This past weekend, I decided to do a large-scale bathroom and bedroom purge. And it was scary.
Not just because I hadn’t cleaned out my Rubbermaid bathroom storage drawers in something like 9 years, and not just because I discovered that they held untold varieties of rancid lip gloss and crumbling pieces of Target jewelry. No, the scariest part of the project was this realization: when it comes to diabetes supplies and products, I am a full-on hoarder.
I’m no psychologist, but I’ve watched enough episodes of A&E’s Hoarders to recognize that I have a problem — and the thought patterns that contribute to the issue. The way some hoarders collect bottle caps and empty plastic bags, I’ve been stockpiling pump reservoirs with just a little teeny bit of insulin left inside each one. And I know that my reasons for saving these reservoirs are similar to the reason a real hoarder might save, say, a bottle of glue that’s almost completely empty. “I can use this someday!” I think to myself. And then I toss the reservoir into a drawer with my dental floss and safety pins and half-used containers of hand sanitizer.
You can’t really blame me, though. For the past 20 years, I’ve needed insulin at virtually every moment of my life just to survive. All it takes is the realization that I’m running low on the stuff to send me into a fit of anxiety. Insulin is expensive junk (there’s no generic option available), and there are countless diabetics around the world who suffer because they don’t have convenient access to it. These are the thoughts that spring to mind when it’s time put in a new reservoir, and I see 15 mL of Humalog left at the end of my old one. So, I save the reservoir — and the few drops of insulin inside it — just in case. Of something.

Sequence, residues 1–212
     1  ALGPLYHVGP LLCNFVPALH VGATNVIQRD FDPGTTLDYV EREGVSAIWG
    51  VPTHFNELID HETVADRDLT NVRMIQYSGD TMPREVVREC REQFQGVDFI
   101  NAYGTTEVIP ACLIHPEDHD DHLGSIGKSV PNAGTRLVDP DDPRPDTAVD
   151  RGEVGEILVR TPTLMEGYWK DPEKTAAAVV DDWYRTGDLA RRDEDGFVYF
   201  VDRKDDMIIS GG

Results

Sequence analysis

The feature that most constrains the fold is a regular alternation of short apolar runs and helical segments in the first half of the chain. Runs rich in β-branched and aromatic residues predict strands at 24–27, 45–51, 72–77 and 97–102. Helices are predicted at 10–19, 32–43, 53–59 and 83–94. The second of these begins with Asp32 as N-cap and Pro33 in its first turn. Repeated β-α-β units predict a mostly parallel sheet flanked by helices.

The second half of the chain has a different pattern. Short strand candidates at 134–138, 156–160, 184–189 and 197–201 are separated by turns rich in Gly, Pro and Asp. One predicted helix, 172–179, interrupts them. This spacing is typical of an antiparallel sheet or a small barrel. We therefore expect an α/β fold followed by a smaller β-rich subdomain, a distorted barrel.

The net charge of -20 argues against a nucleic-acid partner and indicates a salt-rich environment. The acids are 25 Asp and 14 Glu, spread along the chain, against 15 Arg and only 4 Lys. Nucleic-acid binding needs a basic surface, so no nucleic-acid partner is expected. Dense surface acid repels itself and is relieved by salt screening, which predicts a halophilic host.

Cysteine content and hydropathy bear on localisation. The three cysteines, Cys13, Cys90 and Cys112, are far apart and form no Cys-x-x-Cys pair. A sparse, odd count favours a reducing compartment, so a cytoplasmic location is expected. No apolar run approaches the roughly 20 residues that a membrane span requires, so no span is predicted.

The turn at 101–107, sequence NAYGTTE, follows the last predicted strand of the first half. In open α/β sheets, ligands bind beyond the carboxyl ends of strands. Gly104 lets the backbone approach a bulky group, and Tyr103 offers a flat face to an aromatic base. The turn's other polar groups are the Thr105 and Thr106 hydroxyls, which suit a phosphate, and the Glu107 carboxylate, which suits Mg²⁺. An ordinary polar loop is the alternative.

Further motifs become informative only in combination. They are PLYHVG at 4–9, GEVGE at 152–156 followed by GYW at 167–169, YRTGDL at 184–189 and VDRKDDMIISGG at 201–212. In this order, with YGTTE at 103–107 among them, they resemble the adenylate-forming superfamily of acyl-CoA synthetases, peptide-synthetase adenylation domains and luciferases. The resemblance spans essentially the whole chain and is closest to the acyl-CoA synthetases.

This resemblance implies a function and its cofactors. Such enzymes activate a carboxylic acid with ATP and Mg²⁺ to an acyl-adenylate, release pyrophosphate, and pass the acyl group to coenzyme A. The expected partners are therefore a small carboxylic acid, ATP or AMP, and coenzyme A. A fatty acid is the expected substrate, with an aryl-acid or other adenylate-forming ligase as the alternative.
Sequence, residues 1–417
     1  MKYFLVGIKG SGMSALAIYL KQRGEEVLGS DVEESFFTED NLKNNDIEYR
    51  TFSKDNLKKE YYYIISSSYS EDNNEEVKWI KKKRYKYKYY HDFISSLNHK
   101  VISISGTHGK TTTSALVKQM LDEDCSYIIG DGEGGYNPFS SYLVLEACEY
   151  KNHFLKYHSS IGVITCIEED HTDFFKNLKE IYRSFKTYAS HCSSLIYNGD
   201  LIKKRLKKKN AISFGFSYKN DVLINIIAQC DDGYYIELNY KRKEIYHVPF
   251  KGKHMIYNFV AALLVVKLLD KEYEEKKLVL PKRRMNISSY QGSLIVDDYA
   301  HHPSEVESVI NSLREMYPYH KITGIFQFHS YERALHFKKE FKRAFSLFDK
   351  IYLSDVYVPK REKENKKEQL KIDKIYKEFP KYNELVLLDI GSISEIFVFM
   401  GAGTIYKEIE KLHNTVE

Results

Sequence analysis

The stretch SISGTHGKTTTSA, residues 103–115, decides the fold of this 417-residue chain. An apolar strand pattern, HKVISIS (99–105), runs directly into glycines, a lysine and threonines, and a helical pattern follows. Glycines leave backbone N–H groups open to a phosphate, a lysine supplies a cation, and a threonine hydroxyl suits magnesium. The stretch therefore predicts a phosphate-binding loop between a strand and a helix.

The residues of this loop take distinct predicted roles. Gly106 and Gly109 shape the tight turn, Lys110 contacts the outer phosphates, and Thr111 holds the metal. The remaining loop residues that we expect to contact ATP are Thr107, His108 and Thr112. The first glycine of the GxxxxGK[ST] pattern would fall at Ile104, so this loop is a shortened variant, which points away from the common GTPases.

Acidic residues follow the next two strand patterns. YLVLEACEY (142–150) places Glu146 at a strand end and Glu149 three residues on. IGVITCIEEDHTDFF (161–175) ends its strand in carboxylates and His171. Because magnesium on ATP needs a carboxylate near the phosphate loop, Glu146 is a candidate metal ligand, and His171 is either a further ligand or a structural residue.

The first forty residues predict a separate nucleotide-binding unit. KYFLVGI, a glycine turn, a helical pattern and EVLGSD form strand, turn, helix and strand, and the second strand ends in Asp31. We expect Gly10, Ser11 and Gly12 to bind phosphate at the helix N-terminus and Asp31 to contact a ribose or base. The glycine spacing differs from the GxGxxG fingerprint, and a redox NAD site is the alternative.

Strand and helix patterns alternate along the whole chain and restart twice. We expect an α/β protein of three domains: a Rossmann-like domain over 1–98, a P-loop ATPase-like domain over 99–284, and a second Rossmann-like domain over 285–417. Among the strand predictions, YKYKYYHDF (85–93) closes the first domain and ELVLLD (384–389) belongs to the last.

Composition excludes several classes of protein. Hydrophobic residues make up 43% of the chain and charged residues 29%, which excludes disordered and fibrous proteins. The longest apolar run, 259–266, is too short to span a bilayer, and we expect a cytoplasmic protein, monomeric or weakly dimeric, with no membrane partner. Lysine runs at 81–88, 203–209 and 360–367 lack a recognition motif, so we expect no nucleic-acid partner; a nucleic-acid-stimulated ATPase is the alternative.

But that’s not all. I also took stock of the following diabetes treasures:
- No fewer than 9 used syringes of varying ages and sizes, all of which I disposed of in my homemade sharps container
- Several dozen stray individually wrapped alcohol swabs and Skin Prep wipes, all of which I kept
- About 10 of those little snappy caps that insulin vials come with, in Humalog’s trademark maroon and the old-school orange colors
- A bunch of used infusion set needles from my current pump
- Needles from my 508 pump infusion sets
- The 508 pump itself, and the little tiny brush that you’re supposed to use to clean the insulin gunk off of the pump’s screw
- More fresh lancets than stars in the sky (See Holly’s post re: the rare event of lancet changing)
It’s almost enough to open very own treatment museum. Thankfully, no flattened cats or raccoon carcasses were uncovered during the project.
The supplies I’ve got stocked away in the spare bedroom are a different story. Most of them I need and just haven’t used yet. But there are several boxes of reservoirs I never got around to using in my first Minimed pump, and now they’re obsolete. They’re probably expired, too, but they were very expensive. And now? I don’t know what to do with them.
Can I donate them somewhere? Have them incinerated? Tie them to a helium balloon and send them into the Florida sunset? Do I need a therapist and a professional organizer to stop by the house, so they can encourage me to explore my anxieties as I carry the boxes of overpriced plastic tubing out to the dumpster?
In any event, I’m proud to say that — at least for the time being — my supplies are in a state of semi-organization. I know what I have, what I need, and where it’s all located. Most of the used test strips are in test strip heaven, hanging out with their dried-out alcohol swab and adhesive backing friends.
That’s not to say that the bathroom cupboards are completely bare, however. There’s still plenty of girlie product left to clutter up the drawers and shelves — but all of that just helps to make me feel a little more normal.